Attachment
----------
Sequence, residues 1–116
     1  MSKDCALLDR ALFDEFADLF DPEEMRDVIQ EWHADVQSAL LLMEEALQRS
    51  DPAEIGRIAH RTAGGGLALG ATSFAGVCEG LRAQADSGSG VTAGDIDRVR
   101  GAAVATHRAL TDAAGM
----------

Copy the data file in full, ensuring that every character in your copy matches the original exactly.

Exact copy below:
Sequence, residues 1–116
     1  MSKDCALLDR ALFDEFADLF DPEEMRDVIQ EWHADVQSAL LLMEEALQRS
    51  DPAEIGRIAH RTAGGGLALG ATSFAGVCEG LRAQADSGSG VTAGDIDRVR
   101  GAAVATHRAL TDAAGM